Harbin: surviving the cold

When you hear -20 you can’t imagine it. Yes, it’s cold and you’ll need a lot of layers, but really imagine that sort of temperature is impossible unless you’ve experienced it for yourself. This is what I was thinking during the eight hour train journey from Beijing to Harbin. Above the doorway was a digital banner displaying the time, the next destination and the temperature, which was rapidly decreasing with each mile as we head north.

We were going to the Snow and Ice Sculpture Festival. An entire town made purely of ice.

IMG_2342

The train journey was an event in itself, where the dining cart only offered blueberry steamed bread, chicken feet or odd dried fruit and nuts. The smells were interesting to say the least. I hadn’t bought any food with me as I assumed there would be snacks on the train, but this was all we were left with until perhaps a third of the way through the journey an attendant brought round some freshly made popcorn. Phew.

IMG_2725

The journey may sound long compared to the UK, but I would thoroughly recommend it as you see the most beautiful views of the countryside and little villages. I really enjoyed the scenery it was worth doing and much cheaper than flying.

My advice if you’re planning to take a train anywhere in China is to give yourself enough time to get through the station as security is much higher here. Don’t forget your passport as they will check it and your visa. There are various checks you need to go through as you get to your platform as make sure you watch the time. The train itself was very spacious and comfy even though we went for the hard seat option, which is the cheapest ticket. There isn’t an enormous amount of leg room but its better than most airlines and the seats go back to sleep. Trains are very popular around China, it is common to take a 10 hours train to visit friends and family. Bring a book and neck pillow and enjoy the ride, you’ll experience views of China you would never be able to see otherwise. I thoroughly recommend.

IMG_2275

Equally, Harbin was definitely worth the journey. The temperature I perhaps never want to experience again but I am still glad I went and advise all China travellers to make the trip. The city is mainly famous for the festival, which lasts only a couple of weeks in winter. The dates vary so its best to check near the time you are going. Generally, beginning of January to the end of February. It largely attracts a Chinese audience however, over the last couple of years its international acclaim has grown.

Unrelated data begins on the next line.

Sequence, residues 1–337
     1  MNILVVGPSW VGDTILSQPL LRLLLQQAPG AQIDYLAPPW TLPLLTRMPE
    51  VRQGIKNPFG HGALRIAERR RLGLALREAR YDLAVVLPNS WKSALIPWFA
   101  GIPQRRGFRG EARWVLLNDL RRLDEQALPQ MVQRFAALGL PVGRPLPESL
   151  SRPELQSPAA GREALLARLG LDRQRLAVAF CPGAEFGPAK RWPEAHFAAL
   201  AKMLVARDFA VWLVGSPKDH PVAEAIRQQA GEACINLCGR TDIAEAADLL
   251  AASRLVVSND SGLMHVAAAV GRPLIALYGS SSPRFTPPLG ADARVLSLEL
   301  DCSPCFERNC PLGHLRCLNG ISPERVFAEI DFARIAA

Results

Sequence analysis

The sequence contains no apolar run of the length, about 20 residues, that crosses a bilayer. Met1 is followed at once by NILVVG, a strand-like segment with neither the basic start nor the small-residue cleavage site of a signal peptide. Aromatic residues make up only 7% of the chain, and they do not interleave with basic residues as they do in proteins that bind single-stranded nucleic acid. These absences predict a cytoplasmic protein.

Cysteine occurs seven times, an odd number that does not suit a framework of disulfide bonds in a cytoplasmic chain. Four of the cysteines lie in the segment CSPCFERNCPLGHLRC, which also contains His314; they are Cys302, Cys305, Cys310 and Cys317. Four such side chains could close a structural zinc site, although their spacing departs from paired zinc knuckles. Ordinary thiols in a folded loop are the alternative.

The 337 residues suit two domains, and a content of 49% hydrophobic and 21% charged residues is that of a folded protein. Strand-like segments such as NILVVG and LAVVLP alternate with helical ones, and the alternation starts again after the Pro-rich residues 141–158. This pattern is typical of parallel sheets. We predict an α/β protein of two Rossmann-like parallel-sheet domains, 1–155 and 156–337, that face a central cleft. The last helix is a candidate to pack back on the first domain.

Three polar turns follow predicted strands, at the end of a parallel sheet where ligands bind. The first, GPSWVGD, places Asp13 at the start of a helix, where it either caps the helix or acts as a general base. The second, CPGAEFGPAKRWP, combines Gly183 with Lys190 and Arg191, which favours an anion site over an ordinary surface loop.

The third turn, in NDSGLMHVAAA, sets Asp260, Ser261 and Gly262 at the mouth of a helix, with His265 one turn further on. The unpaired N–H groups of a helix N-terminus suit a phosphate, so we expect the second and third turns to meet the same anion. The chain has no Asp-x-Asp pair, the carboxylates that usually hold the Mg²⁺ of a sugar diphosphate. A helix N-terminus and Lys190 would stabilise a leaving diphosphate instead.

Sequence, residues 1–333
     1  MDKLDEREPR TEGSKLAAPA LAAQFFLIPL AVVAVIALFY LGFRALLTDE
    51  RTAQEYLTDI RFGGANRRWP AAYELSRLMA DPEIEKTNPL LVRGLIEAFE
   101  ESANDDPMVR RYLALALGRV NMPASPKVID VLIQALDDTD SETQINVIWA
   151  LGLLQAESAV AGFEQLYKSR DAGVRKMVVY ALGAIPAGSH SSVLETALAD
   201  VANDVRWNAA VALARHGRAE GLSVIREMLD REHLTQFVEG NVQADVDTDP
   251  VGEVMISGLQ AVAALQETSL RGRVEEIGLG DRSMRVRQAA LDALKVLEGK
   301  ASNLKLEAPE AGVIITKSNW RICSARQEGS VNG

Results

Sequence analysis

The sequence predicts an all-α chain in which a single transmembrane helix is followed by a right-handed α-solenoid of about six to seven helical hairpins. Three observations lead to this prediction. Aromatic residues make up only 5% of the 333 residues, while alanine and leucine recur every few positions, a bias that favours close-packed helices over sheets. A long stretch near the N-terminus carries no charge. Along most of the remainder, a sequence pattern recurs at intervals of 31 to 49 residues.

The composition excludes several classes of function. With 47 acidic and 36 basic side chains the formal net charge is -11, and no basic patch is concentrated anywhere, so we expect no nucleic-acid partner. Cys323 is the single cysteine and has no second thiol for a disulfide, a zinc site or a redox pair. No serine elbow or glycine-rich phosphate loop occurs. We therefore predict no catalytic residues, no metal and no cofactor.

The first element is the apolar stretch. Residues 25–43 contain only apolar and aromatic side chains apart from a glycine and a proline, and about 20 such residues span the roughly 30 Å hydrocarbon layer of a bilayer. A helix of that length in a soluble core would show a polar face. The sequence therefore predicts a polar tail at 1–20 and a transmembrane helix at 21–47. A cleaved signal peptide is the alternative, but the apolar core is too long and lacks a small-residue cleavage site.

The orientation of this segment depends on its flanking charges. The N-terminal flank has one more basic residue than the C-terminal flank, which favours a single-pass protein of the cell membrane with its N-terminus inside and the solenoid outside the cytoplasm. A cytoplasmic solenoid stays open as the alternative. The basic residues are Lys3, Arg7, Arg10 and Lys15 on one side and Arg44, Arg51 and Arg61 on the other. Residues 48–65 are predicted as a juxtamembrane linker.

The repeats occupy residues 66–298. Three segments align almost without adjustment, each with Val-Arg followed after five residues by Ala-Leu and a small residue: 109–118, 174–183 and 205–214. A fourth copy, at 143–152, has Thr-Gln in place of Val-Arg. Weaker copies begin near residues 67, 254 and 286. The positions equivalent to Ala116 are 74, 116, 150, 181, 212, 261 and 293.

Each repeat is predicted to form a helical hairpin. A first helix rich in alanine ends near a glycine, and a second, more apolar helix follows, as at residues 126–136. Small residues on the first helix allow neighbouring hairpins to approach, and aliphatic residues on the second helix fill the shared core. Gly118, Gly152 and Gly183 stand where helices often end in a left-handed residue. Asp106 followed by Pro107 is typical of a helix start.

IMG_2307

There are three parks; one for children, one made of snow and the other of ice. The snow park is a massive garden displaying an enormous variety of snow sculptures, the time I went they were still finishing several so we could watch how they did it.

IMG_2293

The ice park opens at night, where they line the ice blocks with neon lights. There is even a KFC, Pizza Hut and other food venues within the ice.

IMG_2332

The site was truly spectacular. These huge, vast perfect frozen blocks were constructing buildings, which you could walk inside of, there were forts, castles, palaces, even advertisement on these ice walls. I remember an huge ford advert, where the car was hanging off the side of the wall as though it was driving down it. It must have taken months of preparation.

When I went I stayed in a hotel nearby, which luckily organised tickets and a driver. I would definitely recommend organising something like this because it will save you standing in the long taxi queue in the cold. The park is set outside the city so the only way to access it is by driving. Due to how busy it is taxi’s are generally scarce. The driver waited for us outside the park for two hours, which I think is the max you can spend there. As beautiful as it is, after 20 minutes you have to step inside and warm up so you can imagine after two hours.

IMG_2342

My trip was at the beginning of January probably within the first couple of days of its opening. Going at this time, I would recommend packing the very warmest clothes possible, pick up a couple of pairs of gloves and socks, and plenty of thermals. I wore thermals, jeans and a massive, long coat and I was still very cold. If I spent too long outside my glasses would actually begin to freeze over. Be careful.

If you have been to Harbin Snow and Ice Sculpture Festival or would like more information about it please leave a comment. ♥

Leave a Reply

Fill in your details below or click an icon to log in:

WordPress.com Logo

You are commenting using your WordPress.com account. Log Out / Change )

Twitter picture

You are commenting using your Twitter account. Log Out / Change )

Facebook photo

You are commenting using your Facebook account. Log Out / Change )

Google+ photo

You are commenting using your Google+ account. Log Out / Change )

Connecting to %s